Me, Choice and Everyone Else
The older you get, the more you sound like your parents. Sure, everyone says it… everyone old that is. Of course, no one believes it. We explain the rantings of the elderly through generational lenses and motivations. We seem to believe that we have evolved generational values that will persist rather than persisting with values that will evolve. Funny though, the older I get, the more I think in those terms with which my parents speak: responsibility, community, legacy etc. It’s sort of like Six Flags—I loved it at twenty but won’t go near it at 30.
Lately, responsibility and choice have invaded my consciousness from the across the border of old age. I remember hearing from older people that my generation had no responsibility and thinking… yes, exactly, and that’s the way we like it. Callow thinking to be sure; however, responsibility resides outside generation, just consider how irresponsibly Baby Boomers have behaved in leading this country’s institutions right?
Funny how much I’ve been thinking about responsibility lately. As a baby of the choice generation, I’ve never considered the consequences of my choices on anyone other than myself. Membership in the choice generation assures that kind of self reference. After all, our generation seeks choice the way Baby Boomers sought wealth. We want to appropriate it and own it. Ownership accompanies possession. Possession implies a private relationship of closed interaction. We view our choices only as they pertain to us and only as they effect and consequence our lives. Yet, unless we live in a remote wilderness, our choices affect others; and, at the risk of sounding old, we never think about the effect that our choices have on others.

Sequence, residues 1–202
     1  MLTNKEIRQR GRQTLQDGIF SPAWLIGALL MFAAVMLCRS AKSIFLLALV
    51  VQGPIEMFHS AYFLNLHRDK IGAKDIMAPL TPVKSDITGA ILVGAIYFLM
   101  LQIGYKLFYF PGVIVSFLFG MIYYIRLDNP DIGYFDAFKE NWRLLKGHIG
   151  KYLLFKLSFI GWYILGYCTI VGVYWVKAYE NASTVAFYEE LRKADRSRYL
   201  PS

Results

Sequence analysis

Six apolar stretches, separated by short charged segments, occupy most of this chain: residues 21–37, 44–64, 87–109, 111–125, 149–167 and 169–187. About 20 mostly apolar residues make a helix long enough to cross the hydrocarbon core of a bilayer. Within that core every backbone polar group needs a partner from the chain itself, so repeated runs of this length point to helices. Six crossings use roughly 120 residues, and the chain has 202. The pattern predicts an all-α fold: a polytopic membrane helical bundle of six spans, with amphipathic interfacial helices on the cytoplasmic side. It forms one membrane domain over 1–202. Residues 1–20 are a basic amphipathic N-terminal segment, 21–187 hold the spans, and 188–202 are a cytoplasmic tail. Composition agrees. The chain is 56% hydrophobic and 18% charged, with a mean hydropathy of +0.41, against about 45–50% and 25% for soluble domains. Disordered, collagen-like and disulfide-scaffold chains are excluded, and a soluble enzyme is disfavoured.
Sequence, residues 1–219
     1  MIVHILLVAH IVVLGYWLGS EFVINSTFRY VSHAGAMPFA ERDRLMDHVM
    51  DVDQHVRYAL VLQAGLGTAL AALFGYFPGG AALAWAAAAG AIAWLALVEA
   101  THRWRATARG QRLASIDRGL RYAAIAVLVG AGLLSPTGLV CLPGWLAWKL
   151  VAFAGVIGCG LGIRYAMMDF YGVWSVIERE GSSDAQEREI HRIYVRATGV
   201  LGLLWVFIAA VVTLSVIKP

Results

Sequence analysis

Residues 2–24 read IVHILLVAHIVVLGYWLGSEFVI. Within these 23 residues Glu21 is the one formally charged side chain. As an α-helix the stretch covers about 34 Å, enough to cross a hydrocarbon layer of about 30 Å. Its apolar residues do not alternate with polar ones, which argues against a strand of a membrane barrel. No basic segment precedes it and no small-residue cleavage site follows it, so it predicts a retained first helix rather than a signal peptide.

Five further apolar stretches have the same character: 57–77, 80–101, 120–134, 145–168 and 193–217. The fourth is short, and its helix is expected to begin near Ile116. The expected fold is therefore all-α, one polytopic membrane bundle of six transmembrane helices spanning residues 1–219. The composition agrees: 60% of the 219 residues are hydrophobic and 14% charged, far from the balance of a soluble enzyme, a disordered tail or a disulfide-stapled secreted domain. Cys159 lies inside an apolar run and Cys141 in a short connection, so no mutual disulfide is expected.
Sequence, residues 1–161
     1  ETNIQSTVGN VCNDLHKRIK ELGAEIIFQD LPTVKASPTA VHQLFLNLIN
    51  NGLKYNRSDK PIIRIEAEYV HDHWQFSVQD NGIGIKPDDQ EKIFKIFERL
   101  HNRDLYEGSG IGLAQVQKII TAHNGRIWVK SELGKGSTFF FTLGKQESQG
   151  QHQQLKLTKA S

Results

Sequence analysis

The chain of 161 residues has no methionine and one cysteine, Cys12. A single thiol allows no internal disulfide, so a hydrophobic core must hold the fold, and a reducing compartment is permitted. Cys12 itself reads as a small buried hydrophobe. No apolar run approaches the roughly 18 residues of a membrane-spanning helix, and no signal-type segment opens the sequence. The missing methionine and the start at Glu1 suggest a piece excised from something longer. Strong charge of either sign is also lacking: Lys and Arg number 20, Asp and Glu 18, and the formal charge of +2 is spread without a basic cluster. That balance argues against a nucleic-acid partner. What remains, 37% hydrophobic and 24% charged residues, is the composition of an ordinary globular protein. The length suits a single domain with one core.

Our choices affect others in ways beyond the easy to grasp effects of the large reckless acts that potentially endanger or injure fellow human beings. Think of all the small simple acts that merely inconvenience others. Think of that puddle water of we leave on the sink of a public restroom after we’ve washed our hands. Now think of how you feel in the opposite situation, entering the bathroom to wash your hands and encountering a wet, unwiped sink. I never chew gum because I’ve stepped in gum—true story.
Okay, let me get off my soapbox for a moment. Sure, part of all of this thought pertains to my aging; but, an even bigger part relates to a beloved family member whom I recently lost due to the reckless disregard of someone who couldn’t be bothered to drive sober. The choices we make…